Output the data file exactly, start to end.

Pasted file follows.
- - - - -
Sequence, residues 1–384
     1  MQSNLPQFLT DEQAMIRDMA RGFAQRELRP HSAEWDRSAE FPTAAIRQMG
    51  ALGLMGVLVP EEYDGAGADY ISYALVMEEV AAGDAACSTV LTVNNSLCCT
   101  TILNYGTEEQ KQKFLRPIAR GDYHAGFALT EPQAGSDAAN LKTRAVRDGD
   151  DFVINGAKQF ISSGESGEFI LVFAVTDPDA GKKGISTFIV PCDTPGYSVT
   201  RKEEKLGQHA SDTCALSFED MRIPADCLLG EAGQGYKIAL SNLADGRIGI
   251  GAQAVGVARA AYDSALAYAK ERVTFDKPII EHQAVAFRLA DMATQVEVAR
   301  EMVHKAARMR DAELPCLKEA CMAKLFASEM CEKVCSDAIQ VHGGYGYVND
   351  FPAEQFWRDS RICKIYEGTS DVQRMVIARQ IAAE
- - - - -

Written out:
Sequence, residues 1–384
     1  MQSNLPQFLT DEQAMIRDMA RGFAQRELRP HSAEWDRSAE FPTAAIRQMG
    51  ALGLMGVLVP EEYDGAGADY ISYALVMEEV AAGDAACSTV LTVNNSLCCT
   101  TILNYGTEEQ KQKFLRPIAR GDYHAGFALT EPQAGSDAAN LKTRAVRDGD
   151  DFVINGAKQF ISSGESGEFI LVFAVTDPDA GKKGISTFIV PCDTPGYSVT
   201  RKEEKLGQHA SDTCALSFED MRIPADCLLG EAGQGYKIAL SNLADGRIGI
   251  GAQAVGVARA AYDSALAYAK ERVTFDKPII EHQAVAFRLA DMATQVEVAR
   301  EMVHKAARMR DAELPCLKEA CMAKLFASEM CEKVCSDAIQ VHGGYGYVND
   351  FPAEQFWRDS RICKIYEGTS DVQRMVIARQ IAAE